Syrian regime helicopters on Monday dropped barrel bombs on opposition-held districts in the northern city of Aleppo, killing at least 31 people including several children, an NGO said.
The Syrian Observatory for Human Rights said a number of people were injured, some seriously, in the attacks on the Sukkari and Ashrafiyeh neighbourhoods and that the number of dead was expected to rise.
The monitoring group distributed gruesome images from the scene of the attacks on Sukkari, where 25 people were killed, showing residents holding body parts of victims from the raid.
Observatory director Rami Abdel Rahman said a first attack created chaos, with residents and medics rushing to the scene to help.
Several minutes after the first attack, a second bomb hit the same site, with those present trying to flee but many failing to do so in time.
Another six people died in a separate barrel bomb attack in a rebel-held area of the Ashrafiyeh neighbourhood, in the north of the city.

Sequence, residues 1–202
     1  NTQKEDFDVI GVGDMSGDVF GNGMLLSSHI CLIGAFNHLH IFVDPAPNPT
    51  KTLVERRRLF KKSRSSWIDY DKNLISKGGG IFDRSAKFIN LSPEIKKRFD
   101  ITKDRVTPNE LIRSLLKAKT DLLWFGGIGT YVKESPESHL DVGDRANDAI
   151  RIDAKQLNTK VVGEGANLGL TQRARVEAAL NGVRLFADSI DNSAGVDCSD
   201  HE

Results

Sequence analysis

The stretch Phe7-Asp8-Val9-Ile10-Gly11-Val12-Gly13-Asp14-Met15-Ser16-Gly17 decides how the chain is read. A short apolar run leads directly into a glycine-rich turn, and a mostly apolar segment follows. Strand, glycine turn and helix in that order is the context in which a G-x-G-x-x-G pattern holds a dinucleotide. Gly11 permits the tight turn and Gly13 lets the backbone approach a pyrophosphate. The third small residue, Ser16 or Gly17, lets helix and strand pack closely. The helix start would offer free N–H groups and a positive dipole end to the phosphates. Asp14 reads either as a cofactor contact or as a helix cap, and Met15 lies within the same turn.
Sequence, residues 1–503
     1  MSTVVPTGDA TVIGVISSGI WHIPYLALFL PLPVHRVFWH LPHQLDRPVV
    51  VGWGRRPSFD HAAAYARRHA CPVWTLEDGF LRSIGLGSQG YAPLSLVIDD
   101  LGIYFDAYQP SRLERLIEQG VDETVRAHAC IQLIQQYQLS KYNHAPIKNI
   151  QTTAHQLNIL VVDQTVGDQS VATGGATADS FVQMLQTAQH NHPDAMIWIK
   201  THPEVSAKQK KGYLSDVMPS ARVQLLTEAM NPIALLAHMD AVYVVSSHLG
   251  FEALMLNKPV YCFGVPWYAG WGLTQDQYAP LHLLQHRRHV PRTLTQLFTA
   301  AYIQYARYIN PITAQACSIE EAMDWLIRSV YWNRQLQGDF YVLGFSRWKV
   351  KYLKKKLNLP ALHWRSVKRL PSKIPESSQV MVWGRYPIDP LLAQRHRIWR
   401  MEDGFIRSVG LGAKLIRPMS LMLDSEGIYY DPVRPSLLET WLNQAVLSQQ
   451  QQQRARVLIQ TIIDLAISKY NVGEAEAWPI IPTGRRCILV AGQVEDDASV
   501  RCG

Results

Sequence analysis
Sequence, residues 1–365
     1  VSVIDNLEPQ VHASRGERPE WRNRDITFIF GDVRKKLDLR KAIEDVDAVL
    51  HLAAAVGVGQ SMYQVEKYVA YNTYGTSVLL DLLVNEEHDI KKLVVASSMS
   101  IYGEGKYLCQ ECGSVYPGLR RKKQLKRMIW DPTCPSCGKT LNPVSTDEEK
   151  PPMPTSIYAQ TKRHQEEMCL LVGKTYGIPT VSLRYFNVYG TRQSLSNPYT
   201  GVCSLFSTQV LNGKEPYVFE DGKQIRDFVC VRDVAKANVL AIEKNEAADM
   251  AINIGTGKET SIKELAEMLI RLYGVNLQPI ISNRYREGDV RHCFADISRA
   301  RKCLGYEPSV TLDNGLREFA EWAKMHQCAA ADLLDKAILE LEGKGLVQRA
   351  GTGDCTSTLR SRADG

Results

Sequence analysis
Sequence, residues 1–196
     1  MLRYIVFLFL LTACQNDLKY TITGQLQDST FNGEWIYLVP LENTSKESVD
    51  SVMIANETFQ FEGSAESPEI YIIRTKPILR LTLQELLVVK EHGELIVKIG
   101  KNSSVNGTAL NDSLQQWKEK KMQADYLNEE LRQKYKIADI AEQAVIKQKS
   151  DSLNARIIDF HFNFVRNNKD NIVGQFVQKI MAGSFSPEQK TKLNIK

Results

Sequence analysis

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Syria's regime has waged a fierce aerial offensive against rebel-held parts of Aleppo since last December.
The Observatory said in May the campaign had killed nearly 2,000 people -- more than a quarter of them children -- since the beginning of 2014.
Rights groups have decried the regime's use of barrel bombs as unlawful because they lack an aiming mechanism, causing indiscriminate casualties.
Tens of thousands of people have fled Aleppo's opposition districts because of the aerial campaign.
Elsewhere, the Observatory said 13 people, including eight children, were killed on Sunday night by rebel shelling of a government-held area in western Idlib province.
More than 162,000 people have been killed in Syria's conflict, which began with peaceful protests against President Bashar al-Assad's regime in March 2011 before spiralling into a bloody war after a massive government crackdown on dissent.